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Mar 2, 2012 11:23pm

Dan B is an idiot.

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Mar 3, 2012 12:41am

Dan B is a big idiot

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Mar 3, 2012 6:44am

Wow, not sure what Dan B. was listening to... this and Tragedy are the most mesmerizing albums I've heard in ages. Can't stop listening to either... and it's been some months with Tragedy!

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Dan B
Mar 3, 2012 8:17am

Overly-fussy anti-fun for the chattering classes. 'Gardens carved of stone' an apt lyric. But I'm an idiot, so what does it matter?

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Dan John
Mar 3, 2012 1:20pm

Really good album.

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Mar 3, 2012 9:24pm

Smoke weed. Listen to Ekstasis.

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Rory Gibb
Mar 4, 2012 9:10pm

I feel like I need to spend loads more time with this album to fully absorb all its little intricacies, though I like it at least as much as Tragedy. I find her compositional style hugely enjoyable, and intriguing - she appears to be just as interested in vertical positioning of sound as its horizontal development as a 'song'. So often the most interesting aspects of her songs take place in the background, and begin almost as incidental shifts before changing the entire piece's mood, almost imperceptibly at first, before rippling outward to affect everything else in turn. It's a record I suspect a lot of people (myself included) will still be poring over come year end.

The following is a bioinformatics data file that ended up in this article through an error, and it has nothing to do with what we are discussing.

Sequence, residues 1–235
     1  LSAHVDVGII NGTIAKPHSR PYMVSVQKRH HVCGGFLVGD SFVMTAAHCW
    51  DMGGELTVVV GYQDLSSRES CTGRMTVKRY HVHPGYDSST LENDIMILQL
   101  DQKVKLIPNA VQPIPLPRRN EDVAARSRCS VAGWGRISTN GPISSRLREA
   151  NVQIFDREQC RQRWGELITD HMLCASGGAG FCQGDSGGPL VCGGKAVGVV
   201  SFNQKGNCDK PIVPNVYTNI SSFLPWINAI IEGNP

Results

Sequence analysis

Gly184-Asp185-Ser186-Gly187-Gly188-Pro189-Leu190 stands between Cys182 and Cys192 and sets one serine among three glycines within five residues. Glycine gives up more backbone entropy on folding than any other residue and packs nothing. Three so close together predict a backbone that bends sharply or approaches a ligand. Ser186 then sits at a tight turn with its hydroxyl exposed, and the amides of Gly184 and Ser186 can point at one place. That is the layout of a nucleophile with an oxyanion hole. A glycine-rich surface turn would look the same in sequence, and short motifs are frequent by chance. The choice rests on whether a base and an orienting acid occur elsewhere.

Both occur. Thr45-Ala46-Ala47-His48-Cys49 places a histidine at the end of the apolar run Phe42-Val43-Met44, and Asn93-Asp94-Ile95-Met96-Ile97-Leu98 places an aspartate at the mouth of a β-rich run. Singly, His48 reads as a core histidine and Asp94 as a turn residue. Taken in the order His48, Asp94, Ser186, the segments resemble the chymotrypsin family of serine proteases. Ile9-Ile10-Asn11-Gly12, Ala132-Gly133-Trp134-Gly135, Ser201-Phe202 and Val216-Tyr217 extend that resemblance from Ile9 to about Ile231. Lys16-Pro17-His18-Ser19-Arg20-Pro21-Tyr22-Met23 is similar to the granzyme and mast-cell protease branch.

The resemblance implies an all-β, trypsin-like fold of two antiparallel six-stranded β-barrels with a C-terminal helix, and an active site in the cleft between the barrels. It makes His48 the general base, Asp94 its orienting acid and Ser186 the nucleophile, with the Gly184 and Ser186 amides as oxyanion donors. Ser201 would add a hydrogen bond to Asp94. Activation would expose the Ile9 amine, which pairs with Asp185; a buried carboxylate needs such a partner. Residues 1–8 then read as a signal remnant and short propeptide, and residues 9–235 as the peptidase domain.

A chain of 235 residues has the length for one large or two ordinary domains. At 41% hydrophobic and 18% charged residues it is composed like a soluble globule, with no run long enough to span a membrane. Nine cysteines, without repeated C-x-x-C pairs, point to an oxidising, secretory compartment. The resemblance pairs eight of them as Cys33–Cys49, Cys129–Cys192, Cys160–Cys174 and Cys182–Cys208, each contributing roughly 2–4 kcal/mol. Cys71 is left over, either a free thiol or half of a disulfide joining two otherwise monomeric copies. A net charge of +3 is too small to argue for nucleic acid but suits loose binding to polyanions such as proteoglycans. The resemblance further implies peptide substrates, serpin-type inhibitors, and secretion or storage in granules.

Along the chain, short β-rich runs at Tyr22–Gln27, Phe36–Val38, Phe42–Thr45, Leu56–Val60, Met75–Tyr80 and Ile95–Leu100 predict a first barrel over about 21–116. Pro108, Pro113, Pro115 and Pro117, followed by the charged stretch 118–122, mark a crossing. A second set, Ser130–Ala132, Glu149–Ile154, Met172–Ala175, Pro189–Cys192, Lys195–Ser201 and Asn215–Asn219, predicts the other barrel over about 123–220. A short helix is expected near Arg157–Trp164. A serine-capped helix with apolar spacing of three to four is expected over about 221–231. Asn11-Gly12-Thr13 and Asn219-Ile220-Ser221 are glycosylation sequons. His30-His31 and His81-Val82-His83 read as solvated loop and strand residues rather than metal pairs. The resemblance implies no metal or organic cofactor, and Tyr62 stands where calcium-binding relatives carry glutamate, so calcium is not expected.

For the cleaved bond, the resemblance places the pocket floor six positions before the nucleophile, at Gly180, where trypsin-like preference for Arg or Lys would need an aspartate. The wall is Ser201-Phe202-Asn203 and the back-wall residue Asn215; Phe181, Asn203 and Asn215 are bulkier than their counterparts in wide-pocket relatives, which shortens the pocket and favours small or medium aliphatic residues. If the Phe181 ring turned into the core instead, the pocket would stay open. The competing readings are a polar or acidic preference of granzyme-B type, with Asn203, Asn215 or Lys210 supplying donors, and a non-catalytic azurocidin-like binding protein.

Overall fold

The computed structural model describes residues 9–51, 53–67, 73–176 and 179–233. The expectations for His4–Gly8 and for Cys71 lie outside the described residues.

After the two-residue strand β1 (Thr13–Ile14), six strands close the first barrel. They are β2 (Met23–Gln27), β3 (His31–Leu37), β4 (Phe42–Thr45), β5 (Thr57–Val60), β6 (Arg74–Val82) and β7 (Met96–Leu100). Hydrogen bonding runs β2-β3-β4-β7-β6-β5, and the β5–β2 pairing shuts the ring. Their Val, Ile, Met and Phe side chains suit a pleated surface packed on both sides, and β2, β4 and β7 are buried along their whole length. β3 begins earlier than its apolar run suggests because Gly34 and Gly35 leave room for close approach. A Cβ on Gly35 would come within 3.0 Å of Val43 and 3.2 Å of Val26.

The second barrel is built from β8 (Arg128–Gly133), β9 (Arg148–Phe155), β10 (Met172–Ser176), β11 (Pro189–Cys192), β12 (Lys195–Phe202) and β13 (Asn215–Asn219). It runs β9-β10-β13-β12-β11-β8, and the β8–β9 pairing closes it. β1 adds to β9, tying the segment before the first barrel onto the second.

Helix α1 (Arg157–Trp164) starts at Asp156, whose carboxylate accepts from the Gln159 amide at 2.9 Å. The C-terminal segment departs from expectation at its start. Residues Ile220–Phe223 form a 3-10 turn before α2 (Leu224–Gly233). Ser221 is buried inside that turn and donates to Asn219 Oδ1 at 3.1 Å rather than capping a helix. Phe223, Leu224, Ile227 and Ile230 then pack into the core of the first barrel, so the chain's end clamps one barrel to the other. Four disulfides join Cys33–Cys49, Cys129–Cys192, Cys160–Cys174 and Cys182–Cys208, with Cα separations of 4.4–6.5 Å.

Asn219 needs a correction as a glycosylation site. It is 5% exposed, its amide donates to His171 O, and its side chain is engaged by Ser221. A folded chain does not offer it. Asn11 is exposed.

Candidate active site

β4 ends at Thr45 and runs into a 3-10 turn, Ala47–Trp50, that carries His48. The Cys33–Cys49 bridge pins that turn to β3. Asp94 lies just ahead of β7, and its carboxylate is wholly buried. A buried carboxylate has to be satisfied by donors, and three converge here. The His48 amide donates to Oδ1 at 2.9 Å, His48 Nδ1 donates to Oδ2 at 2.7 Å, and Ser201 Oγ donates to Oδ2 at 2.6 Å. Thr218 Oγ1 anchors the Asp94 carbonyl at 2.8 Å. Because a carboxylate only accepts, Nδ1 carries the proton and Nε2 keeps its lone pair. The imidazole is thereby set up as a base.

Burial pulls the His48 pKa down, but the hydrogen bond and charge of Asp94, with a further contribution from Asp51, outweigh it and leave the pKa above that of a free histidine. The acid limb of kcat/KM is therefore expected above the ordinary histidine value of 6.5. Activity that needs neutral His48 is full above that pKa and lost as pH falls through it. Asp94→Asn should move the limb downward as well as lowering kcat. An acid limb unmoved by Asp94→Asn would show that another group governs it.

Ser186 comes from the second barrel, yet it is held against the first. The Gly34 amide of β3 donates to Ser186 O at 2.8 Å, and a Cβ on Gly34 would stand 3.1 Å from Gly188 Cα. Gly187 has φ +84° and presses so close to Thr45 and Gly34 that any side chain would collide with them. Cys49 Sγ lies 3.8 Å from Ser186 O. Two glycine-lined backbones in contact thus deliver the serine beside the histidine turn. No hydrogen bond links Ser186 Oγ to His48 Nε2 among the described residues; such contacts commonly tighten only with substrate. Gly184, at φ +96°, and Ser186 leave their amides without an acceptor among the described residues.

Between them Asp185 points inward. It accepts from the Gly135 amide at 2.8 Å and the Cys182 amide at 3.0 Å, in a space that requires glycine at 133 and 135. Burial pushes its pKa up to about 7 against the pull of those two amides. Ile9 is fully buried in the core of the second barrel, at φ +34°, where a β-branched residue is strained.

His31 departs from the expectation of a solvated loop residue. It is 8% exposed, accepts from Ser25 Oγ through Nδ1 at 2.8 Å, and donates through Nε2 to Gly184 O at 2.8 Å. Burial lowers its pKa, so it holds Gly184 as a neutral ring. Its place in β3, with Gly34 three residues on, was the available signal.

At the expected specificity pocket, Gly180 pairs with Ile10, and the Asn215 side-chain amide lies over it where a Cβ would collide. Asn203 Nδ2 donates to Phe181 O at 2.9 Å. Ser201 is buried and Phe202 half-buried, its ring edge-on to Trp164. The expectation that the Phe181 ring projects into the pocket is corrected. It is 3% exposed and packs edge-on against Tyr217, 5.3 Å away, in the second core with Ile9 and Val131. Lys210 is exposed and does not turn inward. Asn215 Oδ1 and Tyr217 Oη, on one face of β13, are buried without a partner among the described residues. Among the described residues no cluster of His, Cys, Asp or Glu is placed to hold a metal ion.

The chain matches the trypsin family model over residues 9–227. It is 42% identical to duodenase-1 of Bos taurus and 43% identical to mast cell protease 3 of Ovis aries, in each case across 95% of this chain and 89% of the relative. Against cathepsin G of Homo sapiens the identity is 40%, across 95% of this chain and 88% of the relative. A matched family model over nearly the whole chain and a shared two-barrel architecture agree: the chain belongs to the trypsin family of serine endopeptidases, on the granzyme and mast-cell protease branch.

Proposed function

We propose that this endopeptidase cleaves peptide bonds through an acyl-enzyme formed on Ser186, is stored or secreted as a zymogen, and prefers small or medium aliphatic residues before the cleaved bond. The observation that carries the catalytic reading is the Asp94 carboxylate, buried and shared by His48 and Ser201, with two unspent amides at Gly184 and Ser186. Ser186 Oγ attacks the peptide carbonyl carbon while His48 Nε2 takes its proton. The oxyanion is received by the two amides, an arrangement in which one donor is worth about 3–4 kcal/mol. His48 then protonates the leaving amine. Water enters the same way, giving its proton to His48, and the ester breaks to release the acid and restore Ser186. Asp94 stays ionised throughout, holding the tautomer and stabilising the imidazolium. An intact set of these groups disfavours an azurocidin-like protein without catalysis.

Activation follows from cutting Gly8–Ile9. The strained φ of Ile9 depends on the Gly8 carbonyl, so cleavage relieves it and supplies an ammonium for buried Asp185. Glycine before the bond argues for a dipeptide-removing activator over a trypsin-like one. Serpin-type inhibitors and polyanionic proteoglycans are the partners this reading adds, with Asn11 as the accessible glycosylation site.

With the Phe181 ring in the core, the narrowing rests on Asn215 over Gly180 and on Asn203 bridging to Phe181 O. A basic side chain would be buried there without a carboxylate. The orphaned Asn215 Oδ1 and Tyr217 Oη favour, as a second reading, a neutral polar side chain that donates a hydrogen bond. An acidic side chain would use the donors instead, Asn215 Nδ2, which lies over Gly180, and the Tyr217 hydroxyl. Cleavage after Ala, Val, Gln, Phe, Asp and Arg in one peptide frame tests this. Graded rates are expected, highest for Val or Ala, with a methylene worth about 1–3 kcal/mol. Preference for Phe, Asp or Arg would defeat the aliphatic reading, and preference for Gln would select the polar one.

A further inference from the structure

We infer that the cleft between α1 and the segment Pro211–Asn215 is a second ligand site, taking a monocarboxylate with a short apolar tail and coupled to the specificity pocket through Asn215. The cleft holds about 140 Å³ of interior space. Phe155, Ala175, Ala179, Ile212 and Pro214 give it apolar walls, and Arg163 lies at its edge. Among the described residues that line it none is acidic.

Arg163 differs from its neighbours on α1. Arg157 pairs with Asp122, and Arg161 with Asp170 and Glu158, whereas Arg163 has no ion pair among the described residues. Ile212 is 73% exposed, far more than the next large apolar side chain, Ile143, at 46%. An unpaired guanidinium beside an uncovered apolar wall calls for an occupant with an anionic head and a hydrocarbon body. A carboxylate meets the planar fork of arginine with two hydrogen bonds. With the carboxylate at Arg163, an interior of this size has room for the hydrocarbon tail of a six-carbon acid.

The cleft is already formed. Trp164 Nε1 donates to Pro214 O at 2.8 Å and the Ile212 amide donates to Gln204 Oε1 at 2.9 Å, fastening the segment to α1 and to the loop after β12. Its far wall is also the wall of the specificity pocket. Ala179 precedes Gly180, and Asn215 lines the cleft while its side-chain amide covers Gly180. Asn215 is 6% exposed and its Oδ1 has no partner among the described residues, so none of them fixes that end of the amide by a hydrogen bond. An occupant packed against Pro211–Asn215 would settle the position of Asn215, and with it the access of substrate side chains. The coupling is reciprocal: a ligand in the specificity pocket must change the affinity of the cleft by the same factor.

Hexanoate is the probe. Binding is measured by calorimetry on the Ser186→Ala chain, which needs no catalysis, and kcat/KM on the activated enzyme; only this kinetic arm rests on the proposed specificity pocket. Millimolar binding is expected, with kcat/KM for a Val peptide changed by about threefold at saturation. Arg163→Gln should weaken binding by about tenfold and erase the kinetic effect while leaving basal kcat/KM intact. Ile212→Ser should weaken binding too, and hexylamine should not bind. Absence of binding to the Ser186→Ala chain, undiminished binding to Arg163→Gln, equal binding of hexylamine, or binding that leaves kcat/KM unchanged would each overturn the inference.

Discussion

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Dan B
Mar 5, 2012 9:11am

In reply to Rory Gibb:

Yeah this kind of thing is exactly what I mean

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Dad B
Mar 5, 2012 10:34am

In reply to Dan B:

It's not that bad man. Yes, slightly off-putting big hype, (because she's attractive AND 'avant garde' - same with Grimes)
She might even make a record you like when she gets bored of the pretension

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Dan B
Mar 5, 2012 11:24am

In reply to Dad B:

Is she attractive? I wouldn't know. I just heard the NPR stream. Look, I suppose there are worse records out there, I just couldn't get into this, for all its 'vertical positioning of sound' nouse I just felt detached from it to a point where it made me mildly angry. The 'single' is nice, I've turned on that a bit, wouldn't want to paint myself completely into a corner.

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Mar 6, 2012 1:32pm

In reply to Dan B:

Wow..dividing stuff. Got to listen now.

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Mar 7, 2012 4:58pm

yeah, this is the kind of album that people who can't write properly structured songs, make.
directionless and pretentious to the nth degree.
remember people. interesting is not the same as good.

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Dan S
Mar 9, 2012 2:08pm

In reply to TheStrobe:

Yeah, this is the type of comment that people who can't write properly structured sentances make.
Pointless and bitchy to the nth degree.
Remember people. Snarkiness is not the same as insight.

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Apr 8, 2012 1:18pm

Very behind the curve on this but now I've caught up it's a beauty. Just got through my first listen and was amazed how engrossed I was. It felt like listening to the ear-child of Grimes & Gazelle Twin. That's a great thing.